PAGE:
Book review by
Regan McMahon, Common Sense Media
Another Book Poster Image
Girl meets her match in mind-bending upside-down world.

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A lot or a little?

The parents' guide to what's in this book.

Educational Value

Invites kids to imagine a parallel universe or other worlds on other planets, and to consider what makes us different and the same as other people. Since it's a wordless story, it may stimulate storytelling by kid readers.   

Positive Messages

Implied message that it's cool to explore and follow adventure where it leads you. Maybe we're more alike than we think we are. Since the book is wordless and open-ended, kids can decide what message they get from the story.

Positive Role Models & Representations

The girl of color from the bedroom is cheerful, curious, up for adventure. She models interest in science by wearing dress with Saturn on it, and on back cover she's looking through a telescope. The kids in the other world are cheerful and play nicely together. The diversity includes kids of color, kids who use a wheelchair, girls who wear head scarves. 

Violence & Scariness

What parents need to know

Parents need to know that Another, by Caldecott Honor artist Christian Robinson, is a brain-twisting wordless adventure that follows a little girl and her cat through a portal to another dimension that's almost a mirror image of their own. Diverse kids play happily in this upside-down world, and each one seems to have a twin version of themselves to play with. It's an original, provocative adventure sure to keep kids guessing -- in a good way. 

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What's the story?

A little girl with brown skin and black braids goes to bed and is awakened when a hole opens up in her room and a cat who looks just like her cat (except that cat's collar is blue and her cat's collar is red) comes through the hole and grabs her cat's toy mouse, and her cat follows after them through the hole. The girl follows her cat and pops through that portal upside down. She eventually finds ANOTHER girl who looks just like her (except that girl has a blue Saturn on her dress instead of a red one). She also sees a bunch of diverse kids playing, but it seems every kid has a double -- different only in clothes or accessories of a different color (such as red vs. blue glasses or a black vs. white head scarf). Eventually the girl in the upside-down world tosses the girl from our world the toy mouse, and the girl and her cat return home through the portal, back into their bedroom, and go to sleep. The portal has closed and the nocturnal adventure appears to be over -- but readers will notice there's now a blue toy mouse in the room ... from the other world.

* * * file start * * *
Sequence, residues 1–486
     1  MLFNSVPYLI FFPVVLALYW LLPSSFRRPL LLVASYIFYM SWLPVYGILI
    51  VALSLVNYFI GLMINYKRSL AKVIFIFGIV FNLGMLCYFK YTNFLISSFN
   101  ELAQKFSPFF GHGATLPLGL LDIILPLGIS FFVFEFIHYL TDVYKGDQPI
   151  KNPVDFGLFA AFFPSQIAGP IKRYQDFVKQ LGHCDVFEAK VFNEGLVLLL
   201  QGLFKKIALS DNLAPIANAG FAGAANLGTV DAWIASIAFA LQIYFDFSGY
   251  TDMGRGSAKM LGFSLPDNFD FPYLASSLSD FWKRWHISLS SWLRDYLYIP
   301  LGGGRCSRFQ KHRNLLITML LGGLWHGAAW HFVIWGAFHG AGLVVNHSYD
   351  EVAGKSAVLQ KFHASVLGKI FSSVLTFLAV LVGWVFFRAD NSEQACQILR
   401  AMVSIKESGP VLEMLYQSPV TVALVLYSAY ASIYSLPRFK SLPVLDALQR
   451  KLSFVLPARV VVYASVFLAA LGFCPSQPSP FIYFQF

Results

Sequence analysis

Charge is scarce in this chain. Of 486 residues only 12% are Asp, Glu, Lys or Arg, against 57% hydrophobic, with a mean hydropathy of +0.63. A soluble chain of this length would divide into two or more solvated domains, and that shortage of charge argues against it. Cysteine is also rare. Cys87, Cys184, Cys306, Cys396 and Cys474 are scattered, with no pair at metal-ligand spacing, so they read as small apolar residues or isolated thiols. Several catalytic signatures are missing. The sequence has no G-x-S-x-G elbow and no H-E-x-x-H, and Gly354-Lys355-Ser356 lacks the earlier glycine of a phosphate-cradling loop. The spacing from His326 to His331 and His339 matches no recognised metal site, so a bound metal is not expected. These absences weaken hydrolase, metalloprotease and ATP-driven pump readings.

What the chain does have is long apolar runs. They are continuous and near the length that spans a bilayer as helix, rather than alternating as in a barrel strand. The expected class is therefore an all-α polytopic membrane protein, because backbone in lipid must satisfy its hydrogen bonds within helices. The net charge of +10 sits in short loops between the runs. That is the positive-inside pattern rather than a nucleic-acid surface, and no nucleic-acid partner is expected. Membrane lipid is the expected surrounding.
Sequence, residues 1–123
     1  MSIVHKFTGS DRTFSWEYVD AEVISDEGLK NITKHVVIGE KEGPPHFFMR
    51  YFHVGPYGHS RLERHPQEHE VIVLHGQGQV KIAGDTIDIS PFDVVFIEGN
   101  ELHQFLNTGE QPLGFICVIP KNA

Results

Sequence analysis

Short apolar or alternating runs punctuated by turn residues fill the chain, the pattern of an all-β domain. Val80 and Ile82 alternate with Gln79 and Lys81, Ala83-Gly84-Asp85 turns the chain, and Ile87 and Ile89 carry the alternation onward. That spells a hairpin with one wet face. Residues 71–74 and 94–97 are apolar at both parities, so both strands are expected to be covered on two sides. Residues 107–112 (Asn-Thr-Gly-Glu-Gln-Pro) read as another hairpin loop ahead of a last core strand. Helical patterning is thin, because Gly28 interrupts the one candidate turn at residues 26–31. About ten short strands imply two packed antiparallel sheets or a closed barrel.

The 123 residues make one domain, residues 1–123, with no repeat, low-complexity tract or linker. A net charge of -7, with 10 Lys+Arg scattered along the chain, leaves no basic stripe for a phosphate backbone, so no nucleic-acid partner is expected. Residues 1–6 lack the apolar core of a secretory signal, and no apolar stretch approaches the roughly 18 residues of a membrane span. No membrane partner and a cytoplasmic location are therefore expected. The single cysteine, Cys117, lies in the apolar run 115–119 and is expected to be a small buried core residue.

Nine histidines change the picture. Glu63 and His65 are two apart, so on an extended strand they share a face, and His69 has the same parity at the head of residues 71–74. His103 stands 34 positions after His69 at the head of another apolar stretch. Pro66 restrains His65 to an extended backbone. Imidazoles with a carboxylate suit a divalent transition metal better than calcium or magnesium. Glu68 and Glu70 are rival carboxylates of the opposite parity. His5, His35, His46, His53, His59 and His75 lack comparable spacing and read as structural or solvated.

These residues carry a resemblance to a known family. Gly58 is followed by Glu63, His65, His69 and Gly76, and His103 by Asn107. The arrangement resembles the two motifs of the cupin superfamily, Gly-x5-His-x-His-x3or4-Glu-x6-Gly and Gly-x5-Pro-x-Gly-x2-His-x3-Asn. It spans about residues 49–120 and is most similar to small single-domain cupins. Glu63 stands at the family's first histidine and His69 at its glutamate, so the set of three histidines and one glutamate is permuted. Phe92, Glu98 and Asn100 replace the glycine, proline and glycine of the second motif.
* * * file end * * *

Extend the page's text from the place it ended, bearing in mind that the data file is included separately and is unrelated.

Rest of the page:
Is it any good?

This unusual, mind-bending wordless story takes readers to a fun opposite world where up is down and down is up and everything's the same but slightly different. Another challenges readers to explore another dimension and kids playing with alternative versions of themselves -- alike except for tiny variations in what they're wearing or holding (like a blue vs. yellow book or red vs. blue leash), or how they're positioned (like upside down vs. right side up). Young readers will have fun figuring out who matches whom and what's different and the same about the pairs of kids. Is it a dream? A parallel universe? Another planet? Is it an ideal world where everyone plays together happily? Kids can decide for themselves as they turn the book over and over to see which end is up. 

Author Christian Robinson's playful mixed-media and paper collage art is set against stark white pages in the alternative world and pitch black walls in the bedroom world. The kids are expressive and appealing, and invite readers to make up their own stories about what those kids are up to.  

Talk to your kids about ...

  • Families can talk about the parallel world in Another. Do you think it's in a dream? On a different planet? If you imagined a different world for kids, what would it be like? 

  • What hint can you find in the art that indicates it's not a dream? 

  • What would it be like to find someone somewhere who looked just like you in another world? How would that make you feel? 

Book details

Our editors recommend

For kids who love picture books and wordless stories

Themes & Topics

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